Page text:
Where were we, youngsters? Oh, yes, I was about to talk about recalling the governor of Wisconsin. There were times when we had to seek out the humor in order to keep from falling apart. We found that Walker’s supporters had made a campaign sign that spelled governor wrong- spelled it with an -er instead of -or. Duh. We shared pictures of the misspelled signs and pointed out the idiocy of following a group of people like that, people who weren’t smart enough to proofread their work before posting it in their front yard.
We were proud that recall volunteers for our side gathered more than double the number of signatures needed to call for the recall election. We needed to submit just over 500,000 based on voter numbers and a complicated formula. When the day came, the organizers trucked in more than one million signatures. One million! Oh, yes, we were proud. There were rumors about bad craziness, like the guy who claimed to have signed 80 petitions in order to get the petitions thrown out. Turned out he hadn’t signed any – not even one.
But the real signatures: the real voters, the disenfranchised (look it up, sweetie, it’s a useful descriptive word) and the average middle class workers, they came out of the woodwork. The recall offices downtown were busy places. People actually came to the office and asked to sign petitions. They didn’t wait for recall volunteers to come to them; they came to the volunteers. The momentum in gathering signatures just never seemed to slow down. I was a volunteer myself, kiddos. I wore the lanyard around my neck that announced “Recall volunteer,” kept two recall petitions in my vehicle, and made sure I parked on the street when I went to work so I wasn’t violating the policy on having political items on school property. We teachers had to be careful.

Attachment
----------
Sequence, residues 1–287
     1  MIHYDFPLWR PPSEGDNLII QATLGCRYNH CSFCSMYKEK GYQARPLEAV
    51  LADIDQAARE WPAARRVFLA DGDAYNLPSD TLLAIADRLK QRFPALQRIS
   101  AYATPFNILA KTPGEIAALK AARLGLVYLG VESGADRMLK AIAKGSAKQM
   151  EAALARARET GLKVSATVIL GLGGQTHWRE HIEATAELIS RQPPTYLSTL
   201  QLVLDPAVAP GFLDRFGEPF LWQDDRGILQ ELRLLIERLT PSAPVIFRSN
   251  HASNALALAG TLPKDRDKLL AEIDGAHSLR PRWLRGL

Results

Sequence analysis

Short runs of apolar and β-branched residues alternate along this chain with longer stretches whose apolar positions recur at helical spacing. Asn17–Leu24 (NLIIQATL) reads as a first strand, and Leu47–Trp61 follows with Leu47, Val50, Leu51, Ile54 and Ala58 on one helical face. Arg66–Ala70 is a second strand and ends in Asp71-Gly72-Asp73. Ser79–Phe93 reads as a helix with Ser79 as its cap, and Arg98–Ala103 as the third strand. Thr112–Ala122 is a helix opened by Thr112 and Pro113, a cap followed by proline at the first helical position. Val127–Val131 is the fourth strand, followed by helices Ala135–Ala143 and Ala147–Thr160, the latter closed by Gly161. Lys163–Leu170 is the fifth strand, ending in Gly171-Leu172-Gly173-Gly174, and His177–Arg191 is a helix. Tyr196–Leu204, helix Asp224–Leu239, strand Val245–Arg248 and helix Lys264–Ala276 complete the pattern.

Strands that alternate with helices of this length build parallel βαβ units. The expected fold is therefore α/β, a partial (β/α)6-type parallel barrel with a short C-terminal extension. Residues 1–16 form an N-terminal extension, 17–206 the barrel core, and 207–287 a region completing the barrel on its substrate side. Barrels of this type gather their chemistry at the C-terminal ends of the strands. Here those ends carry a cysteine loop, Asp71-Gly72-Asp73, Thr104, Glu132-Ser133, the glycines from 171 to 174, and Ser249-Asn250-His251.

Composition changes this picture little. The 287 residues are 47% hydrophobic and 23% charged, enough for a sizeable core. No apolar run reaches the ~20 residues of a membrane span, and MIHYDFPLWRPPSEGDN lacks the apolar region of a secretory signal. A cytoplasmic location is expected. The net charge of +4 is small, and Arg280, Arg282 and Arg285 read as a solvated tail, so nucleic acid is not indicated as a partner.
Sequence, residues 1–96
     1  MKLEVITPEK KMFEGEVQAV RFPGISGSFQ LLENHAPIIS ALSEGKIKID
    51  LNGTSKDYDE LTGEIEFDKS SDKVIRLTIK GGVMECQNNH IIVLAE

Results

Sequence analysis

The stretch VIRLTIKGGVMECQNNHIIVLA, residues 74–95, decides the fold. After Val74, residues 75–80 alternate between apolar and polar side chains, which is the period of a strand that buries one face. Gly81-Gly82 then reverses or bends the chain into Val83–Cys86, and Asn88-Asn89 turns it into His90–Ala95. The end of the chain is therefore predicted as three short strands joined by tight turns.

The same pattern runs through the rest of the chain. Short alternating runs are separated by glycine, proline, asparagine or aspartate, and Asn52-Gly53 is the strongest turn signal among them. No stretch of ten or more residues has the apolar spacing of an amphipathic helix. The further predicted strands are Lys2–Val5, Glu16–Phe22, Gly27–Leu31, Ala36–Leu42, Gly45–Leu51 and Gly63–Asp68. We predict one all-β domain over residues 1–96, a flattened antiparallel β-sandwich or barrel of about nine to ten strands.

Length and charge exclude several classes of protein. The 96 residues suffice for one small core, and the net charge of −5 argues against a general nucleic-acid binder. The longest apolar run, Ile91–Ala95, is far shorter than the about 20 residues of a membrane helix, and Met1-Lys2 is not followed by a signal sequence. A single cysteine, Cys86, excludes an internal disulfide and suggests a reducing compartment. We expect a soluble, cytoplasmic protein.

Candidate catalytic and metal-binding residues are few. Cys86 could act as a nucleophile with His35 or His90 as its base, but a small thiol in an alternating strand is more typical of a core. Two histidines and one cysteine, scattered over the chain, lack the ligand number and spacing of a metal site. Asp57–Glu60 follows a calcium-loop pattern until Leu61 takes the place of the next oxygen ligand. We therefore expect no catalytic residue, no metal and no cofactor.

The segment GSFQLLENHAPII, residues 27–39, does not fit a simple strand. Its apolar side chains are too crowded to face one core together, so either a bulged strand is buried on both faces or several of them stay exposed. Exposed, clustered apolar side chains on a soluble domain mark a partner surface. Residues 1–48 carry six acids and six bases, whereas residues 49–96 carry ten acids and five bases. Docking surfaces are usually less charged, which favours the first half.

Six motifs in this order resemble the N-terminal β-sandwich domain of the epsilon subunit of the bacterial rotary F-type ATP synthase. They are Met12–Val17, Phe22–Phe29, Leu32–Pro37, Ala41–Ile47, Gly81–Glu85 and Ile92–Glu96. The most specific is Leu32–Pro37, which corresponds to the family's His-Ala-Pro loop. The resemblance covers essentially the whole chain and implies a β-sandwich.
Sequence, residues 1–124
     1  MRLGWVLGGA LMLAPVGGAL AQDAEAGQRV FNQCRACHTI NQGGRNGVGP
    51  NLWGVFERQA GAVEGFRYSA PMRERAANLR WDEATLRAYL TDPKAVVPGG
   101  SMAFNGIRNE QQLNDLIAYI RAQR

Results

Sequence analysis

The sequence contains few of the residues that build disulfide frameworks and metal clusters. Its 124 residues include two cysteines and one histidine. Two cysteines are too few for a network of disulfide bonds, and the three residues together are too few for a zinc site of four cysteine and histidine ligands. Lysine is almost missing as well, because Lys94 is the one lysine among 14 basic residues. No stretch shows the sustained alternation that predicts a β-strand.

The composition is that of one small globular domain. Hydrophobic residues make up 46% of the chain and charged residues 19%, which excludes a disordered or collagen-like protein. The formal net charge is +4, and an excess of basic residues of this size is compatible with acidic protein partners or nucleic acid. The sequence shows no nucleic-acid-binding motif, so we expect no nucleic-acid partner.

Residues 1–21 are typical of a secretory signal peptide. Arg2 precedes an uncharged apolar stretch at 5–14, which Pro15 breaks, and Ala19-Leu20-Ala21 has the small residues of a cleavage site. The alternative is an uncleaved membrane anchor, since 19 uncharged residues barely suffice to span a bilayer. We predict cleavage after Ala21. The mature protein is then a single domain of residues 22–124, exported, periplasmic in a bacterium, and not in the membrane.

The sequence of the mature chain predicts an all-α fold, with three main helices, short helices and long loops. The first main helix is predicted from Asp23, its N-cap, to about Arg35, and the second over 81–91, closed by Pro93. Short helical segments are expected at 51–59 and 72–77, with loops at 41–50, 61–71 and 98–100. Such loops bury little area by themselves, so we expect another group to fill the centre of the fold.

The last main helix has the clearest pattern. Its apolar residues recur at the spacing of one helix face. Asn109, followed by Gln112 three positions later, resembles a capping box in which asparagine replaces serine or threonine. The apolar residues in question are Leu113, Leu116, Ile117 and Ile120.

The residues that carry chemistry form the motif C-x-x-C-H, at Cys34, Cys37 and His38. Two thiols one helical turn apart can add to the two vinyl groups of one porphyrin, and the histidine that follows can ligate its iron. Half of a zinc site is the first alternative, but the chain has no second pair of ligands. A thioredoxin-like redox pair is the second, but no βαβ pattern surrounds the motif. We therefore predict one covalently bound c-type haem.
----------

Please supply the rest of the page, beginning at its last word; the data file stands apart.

We had to be careful because there were strict policies about political involvement. Yes, I know I’ve told you that teaching was a radical and political career back then. Our budgets, our reputations, and our pensions were subject to public perception. Public hearing were even held to determine which books students could read in classes. It bordered on censorship at times… but that’s another story.
We teachers could park a car with a political bumper sticker in the school lots. We were allowed to wear a campaign button on our jackets on the way in and out of school. We could volunteer on our own time or donate money to a candidate of our choice, but we couldn’t discuss it during school hours or use school equipment (copiers or computers) for political purposes. That meant no emails, no printing or copying of recall-related news articles, and no reading of blogs on company time.
We managed, though. We collaborated and shared news during our lunch and our prep periods. We walked out the door together and talked them. We updated each other before the bell rang in the morning and after the kids left in the afternoon. We teachers, we who had dedicated our lives to making a difference, were forced to stand up for ourselves and say we mattered.
And say it we did. Kidlets, take a break and read All the President’s Men for a little topical entertainment. When I wake up from my nap, I’ll tell you about the governor’s criminal defense fund.